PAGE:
DRIVING MISS NORMA
- By: Rebeccah Lutz
‘DRIVING MISS NORMA’ AUTHORS SHARE THEIR STORY IN TALLAHASSEE
Free event celebrates Big Bend Hospice and Aging with Dignity anniversaries
When 90-year-old Norma Bauerschmidt was diagnosed with cancer, she said no to treatment and yes to adventure, and her story has inspired thousands of people around the globe.
Now Tallahasseeans can hear about this incredible woman first hand. Her son and daughter-in-law, Tim Bauerschmidt and Ramie Liddle, the authors of “Driving Miss Norma: One Family’s Journey Saying ‘Yes’ to Living” will speak from 6 to 7:30 p.m., Nov. 5, at the Carriage House of Goodwood Museum and Gardens.
They will share adventures from their year-long road trip to fulfill Norma’s wishes to live on her own terms and how her story has changed the way people view death and dying. The event is free and celebrates National Hospice Month, Big Bend Hospice’s 35th Anniversary and the 20th Anniversary of Aging with Dignity (Five Wishes).
“I can’t think of a better story to share during National Hospice Month,” said the Rev. Candace McKibben, director of Faith Outreach for Big Bend Hospice. “Hospice is all about hope and empowering people to experience the end of life as they wish. We can learn so much from Norma.”
Norma was diagnosed with cancer just two days after her husband of 67 years died. She vowed not to spend another minute in the doctor’s office and instead hit the road with Bauerschmidt and Liddle in their RV.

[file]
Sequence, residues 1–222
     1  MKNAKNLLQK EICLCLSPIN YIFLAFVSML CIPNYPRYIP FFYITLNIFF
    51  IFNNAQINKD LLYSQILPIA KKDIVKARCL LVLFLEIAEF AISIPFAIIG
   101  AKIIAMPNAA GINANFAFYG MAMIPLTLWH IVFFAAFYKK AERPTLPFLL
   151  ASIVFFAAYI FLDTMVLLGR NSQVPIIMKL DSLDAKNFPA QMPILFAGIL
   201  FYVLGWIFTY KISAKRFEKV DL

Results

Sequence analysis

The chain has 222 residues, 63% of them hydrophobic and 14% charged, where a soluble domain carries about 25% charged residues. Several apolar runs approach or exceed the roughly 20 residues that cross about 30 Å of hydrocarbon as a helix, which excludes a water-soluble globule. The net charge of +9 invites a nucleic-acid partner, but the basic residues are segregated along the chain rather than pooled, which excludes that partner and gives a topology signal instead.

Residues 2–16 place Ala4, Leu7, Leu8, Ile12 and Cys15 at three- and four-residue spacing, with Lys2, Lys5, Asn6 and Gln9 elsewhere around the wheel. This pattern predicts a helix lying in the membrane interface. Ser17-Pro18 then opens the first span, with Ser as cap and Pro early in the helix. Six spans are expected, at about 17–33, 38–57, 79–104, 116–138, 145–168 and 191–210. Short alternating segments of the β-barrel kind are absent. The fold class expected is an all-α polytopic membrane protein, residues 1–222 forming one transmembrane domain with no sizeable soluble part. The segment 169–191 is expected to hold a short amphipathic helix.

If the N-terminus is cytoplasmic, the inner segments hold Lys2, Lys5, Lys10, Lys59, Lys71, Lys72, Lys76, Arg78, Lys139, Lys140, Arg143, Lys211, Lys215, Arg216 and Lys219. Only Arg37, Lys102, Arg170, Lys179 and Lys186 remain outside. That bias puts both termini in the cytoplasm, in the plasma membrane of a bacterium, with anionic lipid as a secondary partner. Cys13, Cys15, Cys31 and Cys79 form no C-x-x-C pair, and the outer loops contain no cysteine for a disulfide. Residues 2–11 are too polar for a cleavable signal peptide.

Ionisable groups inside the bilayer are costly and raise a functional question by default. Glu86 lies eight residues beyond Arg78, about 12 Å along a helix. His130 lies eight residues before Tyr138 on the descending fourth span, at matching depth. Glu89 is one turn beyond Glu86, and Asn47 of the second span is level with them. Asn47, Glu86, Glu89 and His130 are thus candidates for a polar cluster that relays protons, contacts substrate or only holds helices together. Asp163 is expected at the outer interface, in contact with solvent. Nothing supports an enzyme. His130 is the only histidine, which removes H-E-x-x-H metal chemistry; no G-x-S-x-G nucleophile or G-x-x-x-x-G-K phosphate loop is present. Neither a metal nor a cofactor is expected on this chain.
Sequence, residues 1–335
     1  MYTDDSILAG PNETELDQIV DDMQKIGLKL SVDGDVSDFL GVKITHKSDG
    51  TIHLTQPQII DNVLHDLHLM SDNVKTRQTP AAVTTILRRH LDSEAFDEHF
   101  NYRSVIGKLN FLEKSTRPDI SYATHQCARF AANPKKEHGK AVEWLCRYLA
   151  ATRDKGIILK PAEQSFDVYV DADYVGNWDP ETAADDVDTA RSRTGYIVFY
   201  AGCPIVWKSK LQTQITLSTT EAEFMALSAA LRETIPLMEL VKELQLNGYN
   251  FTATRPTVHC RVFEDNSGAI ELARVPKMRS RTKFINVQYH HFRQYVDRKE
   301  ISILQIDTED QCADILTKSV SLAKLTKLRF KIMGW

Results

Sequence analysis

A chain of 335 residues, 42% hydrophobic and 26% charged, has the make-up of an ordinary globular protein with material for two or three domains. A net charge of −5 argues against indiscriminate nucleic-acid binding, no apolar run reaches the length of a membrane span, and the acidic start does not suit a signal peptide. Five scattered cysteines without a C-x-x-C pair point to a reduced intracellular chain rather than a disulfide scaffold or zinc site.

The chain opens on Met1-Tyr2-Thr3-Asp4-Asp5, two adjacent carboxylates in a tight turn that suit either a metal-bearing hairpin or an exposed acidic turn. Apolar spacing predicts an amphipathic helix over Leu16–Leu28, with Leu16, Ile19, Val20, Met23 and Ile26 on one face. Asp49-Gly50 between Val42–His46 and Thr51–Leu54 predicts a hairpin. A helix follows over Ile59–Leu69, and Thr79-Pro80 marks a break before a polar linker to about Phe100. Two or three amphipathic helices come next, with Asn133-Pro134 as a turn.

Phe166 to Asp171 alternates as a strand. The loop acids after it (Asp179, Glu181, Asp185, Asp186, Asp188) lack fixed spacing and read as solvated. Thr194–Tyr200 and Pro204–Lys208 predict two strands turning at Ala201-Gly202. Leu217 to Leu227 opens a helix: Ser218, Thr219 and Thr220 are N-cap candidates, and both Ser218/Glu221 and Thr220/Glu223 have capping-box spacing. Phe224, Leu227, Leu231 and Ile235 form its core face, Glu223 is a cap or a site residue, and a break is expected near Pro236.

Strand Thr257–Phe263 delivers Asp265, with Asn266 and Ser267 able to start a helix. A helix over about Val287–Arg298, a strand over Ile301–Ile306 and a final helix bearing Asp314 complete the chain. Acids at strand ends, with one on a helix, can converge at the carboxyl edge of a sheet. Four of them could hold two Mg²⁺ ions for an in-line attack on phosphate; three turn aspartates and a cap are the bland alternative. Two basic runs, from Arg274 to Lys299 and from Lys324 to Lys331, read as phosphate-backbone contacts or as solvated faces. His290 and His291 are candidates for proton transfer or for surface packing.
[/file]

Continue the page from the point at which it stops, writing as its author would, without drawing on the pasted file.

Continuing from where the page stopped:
They traveled 13,000 miles and visited 32 states. Along the way, Norma experienced many firsts before her death at the age of 91. She saw the Grand Canyon, soared in a hot-air balloon and rode a horse. She also discovered that she loved buffalo burgers, fried green tomatoes and key lime pie. Hundreds of thousands of people followed the family’s adventures on social media and now have read the book. Norma is still inspiring her family and others to say ‘Yes!”
“I used to say ‘No,’ to a lot of things,” Bauerschmidt said in an NPR interview. “My knee jerk reaction to most things – no, no – but now I hold my tongue and I consider it, and I’m saying ‘Yes,’ to uncomfortable situations.”
Bauerschmidt and Liddle are active public speakers and advocates for caregivers. They also encourage individuals and families to discuss the end of life and make their wishes known. Aging with Dignity distributes Five Wishes, a document that helps families start the conversation and document their loved ones’ wishes. Copies will be available at the event.
“Five Wishes is often called the ‘living will with a heart and soul,’ said Paul Malley, president of Aging with Dignity. “It includes the things that matter most, and it is easy to use and understand. Norma’s story reminds us that with planning and conversation, we can make dignified care at the end of life a reality for all.”
Bauerschmidt and Liddle will speak and then answer questions. Their beloved standard poodle, Ringo, will join them, and Norma’s favorites, key lime pie and root beer will be served. Books will be available for sale and signatures.
To claim your seat or for more information, please contact the Rev. Candace McKibben at 850-671-6029 or firstname.lastname@example.org.